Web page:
Review: Alex Da Corte set Pop aflame at Art + Practice
With its vivid colors, direct appeal to commerce and jaunty emphasis on diversionary amusement, Pop is not often regarded as one of the dark arts. The work of Alex Da Corte seems to be an exception to the rule.
A thread of deep, disquieting despair runs through the seemingly cheerful environment and eccentric theatrical props of “A Season in He’ll,” an elaborate installation at Art + Practice that forms the Philadelphia-based artist’s solo debut in Los Angeles.
Organized by out-going Hammer Museum curator Jamillah James, the three-room environment is illuminated from above by fluorescent lights in such candy colors as pink, orange and green. Yet, the candy is like something suspicious dropped into a kid’s Halloween trick-or-treat bag.
Da Corte builds an atmospheric narrative, and it’s bleak. Emotional razor blades lurk inside the shiny apple.
A tall black cone resting on a wide black circle in the entry room forms a Minimalist witch’s hat, while a nearby stained-glass rose portends a hidden thorn. Behind the hat on the wall, a sprinkling of pink neon stars and the word “night” in script is backed by a photographic blow-up: A weeping girl embraces a woman.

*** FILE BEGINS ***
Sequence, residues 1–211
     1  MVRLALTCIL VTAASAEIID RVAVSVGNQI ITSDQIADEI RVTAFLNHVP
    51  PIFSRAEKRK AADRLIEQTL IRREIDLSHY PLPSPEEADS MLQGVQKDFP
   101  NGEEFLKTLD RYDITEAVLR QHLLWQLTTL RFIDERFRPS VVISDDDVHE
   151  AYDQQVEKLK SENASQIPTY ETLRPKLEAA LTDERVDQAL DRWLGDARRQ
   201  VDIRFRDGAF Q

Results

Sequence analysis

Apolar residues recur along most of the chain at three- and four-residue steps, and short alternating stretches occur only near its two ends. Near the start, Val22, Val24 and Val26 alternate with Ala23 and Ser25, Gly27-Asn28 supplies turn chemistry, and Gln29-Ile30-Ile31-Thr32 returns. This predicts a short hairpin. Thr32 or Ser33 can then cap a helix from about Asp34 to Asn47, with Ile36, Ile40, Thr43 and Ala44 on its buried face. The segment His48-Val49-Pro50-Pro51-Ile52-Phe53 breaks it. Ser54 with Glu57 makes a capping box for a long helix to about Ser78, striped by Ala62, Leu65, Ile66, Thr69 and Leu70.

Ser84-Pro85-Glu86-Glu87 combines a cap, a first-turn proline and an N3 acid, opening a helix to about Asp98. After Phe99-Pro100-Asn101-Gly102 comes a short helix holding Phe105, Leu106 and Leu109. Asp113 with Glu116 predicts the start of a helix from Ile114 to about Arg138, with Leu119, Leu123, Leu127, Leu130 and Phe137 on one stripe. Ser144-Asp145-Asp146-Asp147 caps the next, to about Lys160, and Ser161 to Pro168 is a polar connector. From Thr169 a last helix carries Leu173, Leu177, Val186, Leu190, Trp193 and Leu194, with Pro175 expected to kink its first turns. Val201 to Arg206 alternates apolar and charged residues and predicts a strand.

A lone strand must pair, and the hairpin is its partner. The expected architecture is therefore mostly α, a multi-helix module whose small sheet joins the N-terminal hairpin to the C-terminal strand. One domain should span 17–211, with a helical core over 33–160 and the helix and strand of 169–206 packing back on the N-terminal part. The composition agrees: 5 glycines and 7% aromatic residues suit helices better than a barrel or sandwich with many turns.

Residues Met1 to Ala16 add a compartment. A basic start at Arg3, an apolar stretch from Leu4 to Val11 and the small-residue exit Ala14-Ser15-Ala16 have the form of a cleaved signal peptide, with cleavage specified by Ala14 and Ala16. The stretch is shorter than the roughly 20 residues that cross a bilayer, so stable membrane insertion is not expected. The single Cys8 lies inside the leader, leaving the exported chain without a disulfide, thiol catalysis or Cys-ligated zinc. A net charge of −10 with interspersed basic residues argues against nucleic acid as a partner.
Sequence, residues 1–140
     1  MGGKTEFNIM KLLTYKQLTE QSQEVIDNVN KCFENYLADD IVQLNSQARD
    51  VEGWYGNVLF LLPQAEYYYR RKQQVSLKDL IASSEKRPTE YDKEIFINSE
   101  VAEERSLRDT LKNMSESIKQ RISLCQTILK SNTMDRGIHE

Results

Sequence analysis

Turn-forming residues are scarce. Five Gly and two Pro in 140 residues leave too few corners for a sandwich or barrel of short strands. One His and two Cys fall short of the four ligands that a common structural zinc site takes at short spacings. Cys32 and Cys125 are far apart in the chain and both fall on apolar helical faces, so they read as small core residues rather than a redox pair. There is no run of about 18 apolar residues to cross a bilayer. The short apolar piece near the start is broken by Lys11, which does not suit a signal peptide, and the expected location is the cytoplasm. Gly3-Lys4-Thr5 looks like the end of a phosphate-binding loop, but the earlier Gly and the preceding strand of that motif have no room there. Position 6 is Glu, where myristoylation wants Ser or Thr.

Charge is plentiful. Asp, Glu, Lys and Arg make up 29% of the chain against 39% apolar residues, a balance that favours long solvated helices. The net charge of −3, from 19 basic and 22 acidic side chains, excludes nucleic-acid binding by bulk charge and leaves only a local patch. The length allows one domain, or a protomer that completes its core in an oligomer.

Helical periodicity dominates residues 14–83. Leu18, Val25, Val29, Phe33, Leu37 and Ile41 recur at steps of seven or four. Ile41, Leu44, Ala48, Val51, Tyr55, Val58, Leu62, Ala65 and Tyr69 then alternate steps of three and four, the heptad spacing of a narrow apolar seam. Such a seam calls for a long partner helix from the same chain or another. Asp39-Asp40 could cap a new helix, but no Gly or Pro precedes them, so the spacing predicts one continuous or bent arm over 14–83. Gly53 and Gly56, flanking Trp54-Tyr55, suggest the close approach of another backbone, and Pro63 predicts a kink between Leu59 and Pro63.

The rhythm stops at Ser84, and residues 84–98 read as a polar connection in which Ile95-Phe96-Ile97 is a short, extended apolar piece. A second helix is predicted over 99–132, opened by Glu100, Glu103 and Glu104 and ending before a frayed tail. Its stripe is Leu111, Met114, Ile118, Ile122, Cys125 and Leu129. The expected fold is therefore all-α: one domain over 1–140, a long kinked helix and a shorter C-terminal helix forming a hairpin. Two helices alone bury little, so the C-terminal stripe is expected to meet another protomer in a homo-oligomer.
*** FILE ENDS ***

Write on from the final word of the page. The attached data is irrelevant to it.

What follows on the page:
The ensemble of neon and photograph is not specific. Perhaps it’s merely a child scared by a ghost story. Yet, the general scenic design can’t help but also recall Marsha Norman’s “’Night, Mother,” the 1983 play that infamously opens with a daughter casually telling her unfeeling mom of her imminent plan to commit suicide.
Projected videos in the second room feature a man manipulating a pair of table-top assemblage sculptures like the ones placed on an emerald green pedestal behind an observing viewer. A conjuring magician, he performs a brief variety of self-lacerating rituals in slow motion, such as injecting a vein with soda pop as if it were an addictive narcotic.
The third room is entered by passing through a chain curtain that pointedly recalls the homoerotic 1990s beaded-curtain sculptures of Felix Gonzalez-Torres. Da Corte’s is vaguely imprinted with the satanic flames that rise from Bald Mountain in the Disney animated movie “Fantasia.” (One weakness: The painted flames are nearly impossible to make out beneath the colored fluorescent light, but a gallery attendant helpfully pointed them out.) That big Minimalist witch’s hat back in the first room suddenly echoes the one Mickey Mouse wore as the sorcerer’s apprentice.
Half a dozen slipcovered ottomans masquerade as hamburgers, providing playful seating on a carpet striped in black and blue. Another slow-motion video projects a mummy-wrapped man in flames. He falls through darkened space on a repetitive loop.
The title of Da Corte’s show adds an apostrophe to Arthur Rimbaud’s “A Season in Hell,” a Symbolist prose poem written in the midst of his tumultuous, volatile relationship with fellow poet Paul Verlaine. “Hell” becomes “He’ll.” Da Corte’s elegy for shattered love is written in unexpected, often surprising visuals pieced together from the cheerily indifferent language of pervasive popular culture.
Art + Practice, 4339 S. Leimert Blvd., Los Angeles. Through Sept. 17; closed Sundays and Mondays. (323) 337-6887, www.artandpractice.org
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